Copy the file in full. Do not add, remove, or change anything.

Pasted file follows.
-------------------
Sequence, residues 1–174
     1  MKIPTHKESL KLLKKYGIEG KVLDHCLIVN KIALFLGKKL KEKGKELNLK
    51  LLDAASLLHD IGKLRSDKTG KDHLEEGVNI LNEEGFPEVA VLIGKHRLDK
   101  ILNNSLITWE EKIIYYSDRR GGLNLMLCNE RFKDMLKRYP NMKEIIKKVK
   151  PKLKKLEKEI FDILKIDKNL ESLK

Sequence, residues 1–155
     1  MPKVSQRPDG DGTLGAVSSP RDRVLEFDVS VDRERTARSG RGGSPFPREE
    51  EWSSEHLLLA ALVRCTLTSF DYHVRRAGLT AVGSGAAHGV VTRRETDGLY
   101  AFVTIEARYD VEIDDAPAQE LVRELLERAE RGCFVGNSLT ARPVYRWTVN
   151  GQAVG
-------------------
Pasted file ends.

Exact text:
Sequence, residues 1–174
     1  MKIPTHKESL KLLKKYGIEG KVLDHCLIVN KIALFLGKKL KEKGKELNLK
    51  LLDAASLLHD IGKLRSDKTG KDHLEEGVNI LNEEGFPEVA VLIGKHRLDK
   101  ILNNSLITWE EKIIYYSDRR GGLNLMLCNE RFKDMLKRYP NMKEIIKKVK
   151  PKLKKLEKEI FDILKIDKNL ESLK

Sequence, residues 1–155
     1  MPKVSQRPDG DGTLGAVSSP RDRVLEFDVS VDRERTARSG RGGSPFPREE
    51  EWSSEHLLLA ALVRCTLTSF DYHVRRAGLT AVGSGAAHGV VTRRETDGLY
   101  AFVTIEARYD VEIDDAPAQE LVRELLERAE RGCFVGNSLT ARPVYRWTVN
   151  GQAVG